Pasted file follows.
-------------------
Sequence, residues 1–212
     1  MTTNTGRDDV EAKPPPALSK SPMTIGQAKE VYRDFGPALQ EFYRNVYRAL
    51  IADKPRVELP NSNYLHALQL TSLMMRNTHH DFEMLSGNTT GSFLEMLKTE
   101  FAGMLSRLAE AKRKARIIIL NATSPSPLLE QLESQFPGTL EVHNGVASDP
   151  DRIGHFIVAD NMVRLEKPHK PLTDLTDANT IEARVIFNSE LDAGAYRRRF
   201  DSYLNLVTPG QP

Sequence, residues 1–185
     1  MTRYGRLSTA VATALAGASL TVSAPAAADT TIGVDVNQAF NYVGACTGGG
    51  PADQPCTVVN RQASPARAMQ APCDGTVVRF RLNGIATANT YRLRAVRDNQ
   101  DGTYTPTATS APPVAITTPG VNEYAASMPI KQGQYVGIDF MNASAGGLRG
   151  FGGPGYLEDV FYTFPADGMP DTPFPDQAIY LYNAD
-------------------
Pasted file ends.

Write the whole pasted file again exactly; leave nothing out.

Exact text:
Sequence, residues 1–212
     1  MTTNTGRDDV EAKPPPALSK SPMTIGQAKE VYRDFGPALQ EFYRNVYRAL
    51  IADKPRVELP NSNYLHALQL TSLMMRNTHH DFEMLSGNTT GSFLEMLKTE
   101  FAGMLSRLAE AKRKARIIIL NATSPSPLLE QLESQFPGTL EVHNGVASDP
   151  DRIGHFIVAD NMVRLEKPHK PLTDLTDANT IEARVIFNSE LDAGAYRRRF
   201  DSYLNLVTPG QP

Sequence, residues 1–185
     1  MTRYGRLSTA VATALAGASL TVSAPAAADT TIGVDVNQAF NYVGACTGGG
    51  PADQPCTVVN RQASPARAMQ APCDGTVVRF RLNGIATANT YRLRAVRDNQ
   101  DGTYTPTATS APPVAITTPG VNEYAASMPI KQGQYVGIDF MNASAGGLRG
   151  FGGPGYLEDV FYTFPADGMP DTPFPDQAIY LYNAD